Wednesday, April 2, 2014

How China Grows Non-GMO Wheat

China is afraid of genetically modified crops because they might possibly somehow harm consumers someday. Vice Minister of Agriculture Niu Dun brags that China's restrictions on GMO-labeling are more strict than in other countries. Unlike other countries that permit 1%, 5%, or 10% GM-content without labeling, China requires foods to be labeled if there is any GM content whatsoever, even .00001%. Chinese people must be notified if they are eating a single modified gene because it might be dangerous. Last month, Vice Minister Niu snuck in a jab in a news media interview, complaining that the United States had not given China enough information about a mysterious field of genetically modified wheat found in Oregon.

All of China's wheat is non-GMO, so it's safe and environmentally benign, right? Let's look at how China grows its non-GMO wheat.

Since 2012, China's main strategy for boosting wheat production has been to mobilize armies of farmers, tractors, airplanes and drones to drench wheat fields with a cocktail of chemicals. Farmers Daily said the central government budgeted 1.7 billion yuan ($275 million) in 2013 to subsidize a "one spray, three protections" program that distributes subsidized pesticides, fungicides, growth promoting chemicals, liquid fertilizer and micronutrients to all wheat-growing areas. These chemicals are mixed together in tanks and sprayed on wheat fields.

The standard level of subsidy was 5 yuan per mu. Last year the spray covered 340 million mu (56 million acres) with the chemical cocktail. The pesticides protect wheat from pests like aphids; fungicides prevent diseases like leaf rust and powdery mildew; growth-promotants and fertilizer help the heads of wheat fill with more kernels and prevent them from losing moisture and getting blown over. The Ministry of Agriculture estimates that the spray raised the average national yield by 3.5%.

Common chemicals include a systemic fungicide called thiophanate-methyl (TM) and cypermethrin. a fast-acting neurotoxin in insects.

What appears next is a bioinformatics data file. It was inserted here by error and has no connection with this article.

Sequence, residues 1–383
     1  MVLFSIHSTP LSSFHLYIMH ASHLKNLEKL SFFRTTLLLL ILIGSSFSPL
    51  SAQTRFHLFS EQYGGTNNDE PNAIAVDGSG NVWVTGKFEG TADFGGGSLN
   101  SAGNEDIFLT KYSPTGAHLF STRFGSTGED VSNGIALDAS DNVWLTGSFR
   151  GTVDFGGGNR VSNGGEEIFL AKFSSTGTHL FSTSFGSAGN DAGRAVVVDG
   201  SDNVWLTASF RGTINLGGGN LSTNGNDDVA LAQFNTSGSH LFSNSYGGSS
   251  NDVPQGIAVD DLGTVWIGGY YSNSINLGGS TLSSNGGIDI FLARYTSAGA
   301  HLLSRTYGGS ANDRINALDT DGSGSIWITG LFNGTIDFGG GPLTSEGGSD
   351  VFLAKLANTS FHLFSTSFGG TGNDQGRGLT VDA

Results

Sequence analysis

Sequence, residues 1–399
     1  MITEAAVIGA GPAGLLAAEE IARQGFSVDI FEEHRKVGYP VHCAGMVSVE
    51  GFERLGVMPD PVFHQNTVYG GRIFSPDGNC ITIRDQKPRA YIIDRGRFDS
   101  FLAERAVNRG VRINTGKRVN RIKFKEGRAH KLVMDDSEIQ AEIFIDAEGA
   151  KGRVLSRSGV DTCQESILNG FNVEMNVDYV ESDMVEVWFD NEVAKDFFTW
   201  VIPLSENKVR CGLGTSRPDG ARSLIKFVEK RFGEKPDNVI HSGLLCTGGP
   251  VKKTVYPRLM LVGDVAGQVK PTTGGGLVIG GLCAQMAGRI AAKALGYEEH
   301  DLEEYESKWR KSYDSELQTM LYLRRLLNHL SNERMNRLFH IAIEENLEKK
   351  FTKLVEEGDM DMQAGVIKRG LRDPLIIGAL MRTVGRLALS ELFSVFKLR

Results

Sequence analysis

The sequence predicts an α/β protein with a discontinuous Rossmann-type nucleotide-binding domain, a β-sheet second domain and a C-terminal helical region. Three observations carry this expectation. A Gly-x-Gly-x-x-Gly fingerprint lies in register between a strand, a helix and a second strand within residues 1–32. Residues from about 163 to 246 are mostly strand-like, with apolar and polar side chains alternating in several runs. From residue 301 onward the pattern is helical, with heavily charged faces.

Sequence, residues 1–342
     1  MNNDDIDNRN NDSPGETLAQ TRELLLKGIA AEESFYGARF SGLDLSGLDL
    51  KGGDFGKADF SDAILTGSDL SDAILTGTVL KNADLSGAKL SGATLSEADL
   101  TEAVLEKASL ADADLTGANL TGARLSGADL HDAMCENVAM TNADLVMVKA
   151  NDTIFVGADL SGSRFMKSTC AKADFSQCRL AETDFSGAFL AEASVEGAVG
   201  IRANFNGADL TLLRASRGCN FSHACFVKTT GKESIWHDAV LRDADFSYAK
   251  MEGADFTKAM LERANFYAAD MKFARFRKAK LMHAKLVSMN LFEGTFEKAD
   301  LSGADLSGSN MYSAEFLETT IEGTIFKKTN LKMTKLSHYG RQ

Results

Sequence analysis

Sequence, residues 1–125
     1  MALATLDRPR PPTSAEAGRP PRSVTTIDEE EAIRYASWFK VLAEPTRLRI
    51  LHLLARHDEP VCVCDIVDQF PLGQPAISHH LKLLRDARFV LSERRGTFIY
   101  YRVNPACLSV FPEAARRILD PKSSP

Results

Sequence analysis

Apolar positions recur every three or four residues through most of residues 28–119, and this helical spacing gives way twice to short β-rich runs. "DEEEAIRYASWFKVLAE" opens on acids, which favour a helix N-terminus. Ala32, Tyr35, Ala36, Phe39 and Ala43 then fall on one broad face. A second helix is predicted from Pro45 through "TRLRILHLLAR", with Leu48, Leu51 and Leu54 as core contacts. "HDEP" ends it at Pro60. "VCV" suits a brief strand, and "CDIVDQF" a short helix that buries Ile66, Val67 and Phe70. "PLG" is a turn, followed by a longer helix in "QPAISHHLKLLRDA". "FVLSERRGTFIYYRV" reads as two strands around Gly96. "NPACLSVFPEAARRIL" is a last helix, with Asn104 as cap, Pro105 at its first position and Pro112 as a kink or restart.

According to the U.S. EPA's reregistration eligibility decision for thiophate-methyl,
"TM is a systemic fungicide used on a variety of tree, vine, and root crops, as well as on canola and wheat. TM is of low acute toxicity, but causes liver and thyroid effects in animal studies and has been classified as a probable human carcinogen. Its metabolate, MBC, has also been shown to cause adverse testicular effects. However, dietary exposure to TM residues in food and water is extremely low as is the cancer risk posed to the general population. Of greater concern is the risk posed to pesticide workers, particularly mixers/loaders/applicators, and field workers who come into contact with treated foliage/crops/lawns/turf/etc."
Consumers will find no label on flour or bread warning them that it might contain traces of these chemicals.

Rich districts spray the countryside with pesticides, fungicides and other chemicals from helicopters and drones. According to the National Pesticides Telecommunications Network (NPTN), cypermethrin is highly toxic to fish, bees and aquatic insects.

drone spraying in Beijing

Pesticides delivered by well-fed official in his black car.
Company officials deliver "one spray, three protection" subsidized chemicals to spray on wheat...and took the subsidies back to the company.
 Official issues orders to spray via megaphone.
Look what was under the Christmas tree!

So, this is China's "scientific outlook on development." They obsess over unproven risks. Instead, they subsidize other activities that have scientifically-established risks--spraying the countryside with carcinogenic, bee-killing chemical cocktails.

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